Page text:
"Afterwards, in bed with a book, the spell of television feels remote compared to the journey into the page. To be in a book. To slip into the crease where two pages meet, to live in the place where your eyes alight upon the words to ignite a world of smoke and peril, colour and serene delight. That is a journey no one can end with the change of a channel. Enduring magic."

Sunday, October 15, 2006

Soba goods shop

Where you can find everything you need to make traditional
Japanese soba (buckwheat noodles).
Check out How to Make Soba Noodles (with pictures).

The knives!

Friday, October 13, 2006

Thursday, October 12, 2006

5 most memorable

Choosing my 5 most interesting things, got me thinking about and remembering all those plays and musicals that I was fortunate to see in London. So another list is in order!

My 5 most memorable theatre experiences:

5. Watching Twelfth Night, performed in traditional costume, by an all-male cast, at the Shakespeare's Globe Theatre.

His Dark Materials (Philip Pullman's trilogy made into a 2 part play) was fantastic! So good that I went back to see it all again the following year!

3. Seeing
Joseph Fiennes in Love's Labours Lost.

2. Some people don't like it but I love
Les Misérables. It suits my love of historical fiction, period pieces, drama, …well you get the idea. I saw it twice. Once at the Palace Theatre, then again after it moved to the Queen's Theatre.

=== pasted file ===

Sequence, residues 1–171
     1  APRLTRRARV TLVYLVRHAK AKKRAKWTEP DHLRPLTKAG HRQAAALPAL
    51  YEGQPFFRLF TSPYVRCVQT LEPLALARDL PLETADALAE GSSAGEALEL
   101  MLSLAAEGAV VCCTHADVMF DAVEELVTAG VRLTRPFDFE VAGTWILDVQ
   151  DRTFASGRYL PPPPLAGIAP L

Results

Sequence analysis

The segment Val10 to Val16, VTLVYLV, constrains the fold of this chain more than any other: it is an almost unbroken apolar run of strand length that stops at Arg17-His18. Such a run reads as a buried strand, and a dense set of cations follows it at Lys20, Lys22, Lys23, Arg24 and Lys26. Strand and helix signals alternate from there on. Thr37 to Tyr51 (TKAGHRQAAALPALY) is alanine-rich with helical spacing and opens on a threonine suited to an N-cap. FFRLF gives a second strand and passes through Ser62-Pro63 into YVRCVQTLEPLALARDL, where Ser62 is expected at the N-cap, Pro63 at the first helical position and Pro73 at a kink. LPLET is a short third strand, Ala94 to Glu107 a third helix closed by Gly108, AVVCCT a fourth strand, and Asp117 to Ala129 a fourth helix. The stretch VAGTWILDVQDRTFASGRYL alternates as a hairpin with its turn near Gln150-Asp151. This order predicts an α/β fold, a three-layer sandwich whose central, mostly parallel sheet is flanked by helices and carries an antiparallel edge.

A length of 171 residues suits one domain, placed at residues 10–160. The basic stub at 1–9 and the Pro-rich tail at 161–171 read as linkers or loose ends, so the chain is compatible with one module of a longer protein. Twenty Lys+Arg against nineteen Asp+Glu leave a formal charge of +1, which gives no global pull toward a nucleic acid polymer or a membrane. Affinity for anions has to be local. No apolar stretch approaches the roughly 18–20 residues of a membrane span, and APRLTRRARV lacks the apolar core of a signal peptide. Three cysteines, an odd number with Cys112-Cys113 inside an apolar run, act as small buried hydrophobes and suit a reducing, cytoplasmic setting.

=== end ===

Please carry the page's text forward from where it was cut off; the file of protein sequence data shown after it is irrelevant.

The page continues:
1. Seeing
Kevin Spacey in The Philadelphia Story. Also saw him in National Anthems, both at the Old Vic of which he is the current Artistic Director, and he is absolutely brilliant live!!

Sunday, October 08, 2006


(click image to enlarge)
Gion, Kyoto
April 2006

Friday, October 06, 2006

Thursday, October 05, 2006


(click image to enlarge)
taken in York, England- May 2005

Tuesday, October 03, 2006

no idea

I have absolutely no idea what this is called. Interesting though.

Monday, October 02, 2006


There are a couple of reasons why I didn't read Little Women for Our Coffee Rings this month. One is that I've been reading books for the R.I.P. Challenge and kind of ran out of time. The main reason though is that about a week or so ago I discovered something very frustrating.

I still have my old copy of Little Women, with the bent spine, that I read as a child. I thought the group read would be a good excuse to read it again since I don't remember much of it. Besides it is not very long, I thought, when I pulled it out. My copy is only 270 pages.

I saw some comments by other bloggers though about it being a bit long. Out of curiosity I checked the page count of various versions of the book on Amazon. All were well over 400 pages! I started getting a bit suspicious.

So I decided to look for it online, since it's in the public domain, and compare. First I found it here, which listed 23 chapters, same as mine. But then I found it here with 47 chapters! And I found this comment on Amazon from School Library Journal about the Scholastic edition:

"Little Women was originally written in two parts, and this volume only contains part one, which ends with Mr. March's return. Readers familiar with the more common two-part version may find this title incomplete."

Mine is over 20 years old after all, so it's different to the one listed on Amazon, but it was also published by Scholastic. So now I feel completely cheated! Damn Scholastic and their shortened junior version!!

Someday I will have to read Little Women in its entirety! For now I have to figure out what to do with this incomplete book I have. Who would want it? Do I throw it away? And even more worryingly, I wonder about other Scholastic classics I read as a child...

Sunday, October 01, 2006